"You are mistaken," said the Rebbe Maharash, "thinking that you were sent to Vladimir for business purposes. Whoever believes in G-d and Divine Providence can, and must, understand that G-d does not uproot a G-d-fearing family from a place of Torah to an irreligious environment for material reasons. This notion stems from your misconception of your purpose. In truth, your purpose is not to work with silver and watches but to spread G-d's Torah and its commandments wherever possible. Your move to Vladimir was Divinely orchestrated to enable you to teach and inspire the masses, whether the knowledgeable soldier or the illiterate Cantonist children."
The Rebbe Maharash continued, "Have you forgotten the teaching of the saintly Baal Shem Tov that a soul descends to this physical world for seventy or eighty years to do another Jew a favor, a physical favor and especially a spiritual one? He who assumes that his steps are predestined according to his material needs is lacking in his faith. Cannot the same Divine blessing rest in Polotsk as in Vladimir? My blessing for your material success was intended to accompany your own efforts in disseminating Judaism; without it, my blessing will come to nothing."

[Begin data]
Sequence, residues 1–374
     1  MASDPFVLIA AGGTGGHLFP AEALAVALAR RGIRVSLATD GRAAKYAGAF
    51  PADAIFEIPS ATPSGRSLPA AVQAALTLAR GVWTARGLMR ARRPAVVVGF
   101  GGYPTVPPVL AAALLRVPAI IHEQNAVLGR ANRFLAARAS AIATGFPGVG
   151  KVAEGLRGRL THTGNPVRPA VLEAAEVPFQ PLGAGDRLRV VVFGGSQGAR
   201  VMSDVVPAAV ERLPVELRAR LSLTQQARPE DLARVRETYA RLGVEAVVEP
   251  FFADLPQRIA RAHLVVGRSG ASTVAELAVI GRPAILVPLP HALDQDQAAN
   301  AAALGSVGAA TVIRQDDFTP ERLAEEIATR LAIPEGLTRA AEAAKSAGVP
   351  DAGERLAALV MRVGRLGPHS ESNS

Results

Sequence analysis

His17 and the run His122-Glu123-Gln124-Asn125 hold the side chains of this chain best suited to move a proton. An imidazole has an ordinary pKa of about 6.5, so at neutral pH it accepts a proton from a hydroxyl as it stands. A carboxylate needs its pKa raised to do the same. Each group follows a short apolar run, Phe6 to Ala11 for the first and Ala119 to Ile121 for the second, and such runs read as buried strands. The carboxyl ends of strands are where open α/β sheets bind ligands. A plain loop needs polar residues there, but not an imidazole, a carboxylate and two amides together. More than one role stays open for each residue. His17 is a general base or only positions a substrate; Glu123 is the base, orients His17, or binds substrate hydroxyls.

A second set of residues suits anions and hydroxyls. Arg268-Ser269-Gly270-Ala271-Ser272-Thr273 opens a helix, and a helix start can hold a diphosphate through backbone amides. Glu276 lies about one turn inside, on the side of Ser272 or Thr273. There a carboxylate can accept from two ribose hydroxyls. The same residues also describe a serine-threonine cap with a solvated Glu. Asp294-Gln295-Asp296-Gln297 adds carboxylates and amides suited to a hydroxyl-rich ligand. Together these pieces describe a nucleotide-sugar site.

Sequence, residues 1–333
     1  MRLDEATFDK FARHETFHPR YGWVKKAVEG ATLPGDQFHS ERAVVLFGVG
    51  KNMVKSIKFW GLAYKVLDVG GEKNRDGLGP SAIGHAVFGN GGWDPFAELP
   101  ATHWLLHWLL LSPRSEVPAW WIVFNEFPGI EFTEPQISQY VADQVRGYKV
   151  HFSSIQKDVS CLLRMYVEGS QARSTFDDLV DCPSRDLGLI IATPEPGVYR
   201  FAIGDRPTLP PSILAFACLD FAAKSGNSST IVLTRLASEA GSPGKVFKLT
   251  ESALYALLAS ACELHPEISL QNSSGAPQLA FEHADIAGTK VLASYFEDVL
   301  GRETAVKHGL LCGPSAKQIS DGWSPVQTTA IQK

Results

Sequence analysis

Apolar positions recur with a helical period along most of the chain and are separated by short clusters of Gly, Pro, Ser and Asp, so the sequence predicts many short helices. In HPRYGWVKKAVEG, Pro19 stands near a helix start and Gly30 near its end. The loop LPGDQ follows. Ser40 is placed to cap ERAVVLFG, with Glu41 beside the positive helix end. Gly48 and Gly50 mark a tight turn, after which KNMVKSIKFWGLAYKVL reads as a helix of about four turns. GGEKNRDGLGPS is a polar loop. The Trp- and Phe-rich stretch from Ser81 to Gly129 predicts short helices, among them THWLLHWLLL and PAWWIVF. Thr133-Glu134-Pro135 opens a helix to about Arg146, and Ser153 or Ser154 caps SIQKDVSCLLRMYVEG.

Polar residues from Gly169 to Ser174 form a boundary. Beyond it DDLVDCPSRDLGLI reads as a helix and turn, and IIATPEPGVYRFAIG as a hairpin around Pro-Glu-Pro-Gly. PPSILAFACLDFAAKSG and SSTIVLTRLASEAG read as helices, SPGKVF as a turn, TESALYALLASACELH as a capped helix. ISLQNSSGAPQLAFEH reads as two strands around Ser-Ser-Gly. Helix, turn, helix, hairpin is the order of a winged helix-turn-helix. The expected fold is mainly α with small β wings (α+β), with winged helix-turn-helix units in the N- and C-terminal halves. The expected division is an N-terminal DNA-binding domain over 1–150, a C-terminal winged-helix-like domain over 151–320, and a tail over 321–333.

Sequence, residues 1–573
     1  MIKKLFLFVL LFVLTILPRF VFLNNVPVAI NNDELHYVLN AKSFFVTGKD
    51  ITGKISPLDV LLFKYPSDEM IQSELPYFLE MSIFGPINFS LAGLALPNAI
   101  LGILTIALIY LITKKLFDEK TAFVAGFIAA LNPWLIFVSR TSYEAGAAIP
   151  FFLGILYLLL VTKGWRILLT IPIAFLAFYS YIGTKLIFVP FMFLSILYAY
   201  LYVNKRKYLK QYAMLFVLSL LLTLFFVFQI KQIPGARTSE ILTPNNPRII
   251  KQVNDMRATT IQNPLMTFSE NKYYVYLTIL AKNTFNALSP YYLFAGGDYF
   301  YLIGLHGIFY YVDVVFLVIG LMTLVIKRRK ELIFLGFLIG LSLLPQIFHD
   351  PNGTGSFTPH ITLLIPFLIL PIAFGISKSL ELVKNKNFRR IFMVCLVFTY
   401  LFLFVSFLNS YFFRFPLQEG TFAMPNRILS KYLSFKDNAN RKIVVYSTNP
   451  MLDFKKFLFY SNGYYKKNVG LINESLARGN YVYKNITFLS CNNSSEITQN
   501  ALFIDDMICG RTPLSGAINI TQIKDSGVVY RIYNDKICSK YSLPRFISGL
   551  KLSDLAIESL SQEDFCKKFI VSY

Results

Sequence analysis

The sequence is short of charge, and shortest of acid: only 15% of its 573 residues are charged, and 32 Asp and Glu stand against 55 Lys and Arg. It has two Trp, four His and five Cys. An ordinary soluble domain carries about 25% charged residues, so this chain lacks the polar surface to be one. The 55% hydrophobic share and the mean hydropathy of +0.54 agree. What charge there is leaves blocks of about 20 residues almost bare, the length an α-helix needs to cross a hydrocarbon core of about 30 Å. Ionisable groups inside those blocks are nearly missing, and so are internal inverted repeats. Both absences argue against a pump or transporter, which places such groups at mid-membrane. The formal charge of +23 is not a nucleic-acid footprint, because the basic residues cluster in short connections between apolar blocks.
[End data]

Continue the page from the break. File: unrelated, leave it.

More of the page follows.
"Let the reader beware," wrote the Previous Rebbe, who recorded this story in a letter to one of his followers, " do not read this story as if it were just another anecdote, entering one ear just to exit the other. Rather, let the words of the Rebbe Maharash permeate his very essence, and let every person ask himself -- what am I doing to fulfill the Divine mission that has been entrusted to my care in the place which has been Divinely ordained for me?!"
Reprinted from the weekly magazine, Beis Moshiach.
In the time to come it will be apparent in every entity that it is the handiwork of G-d's creation. People will be able to perceive how the true nucleus of each particular entity, with its distinctive features and characteristics, is the Word of G-d -- that is -- the particular Divine Utterance which suffuses it with vitality and grants it life.
(Likutei Sichot, 29)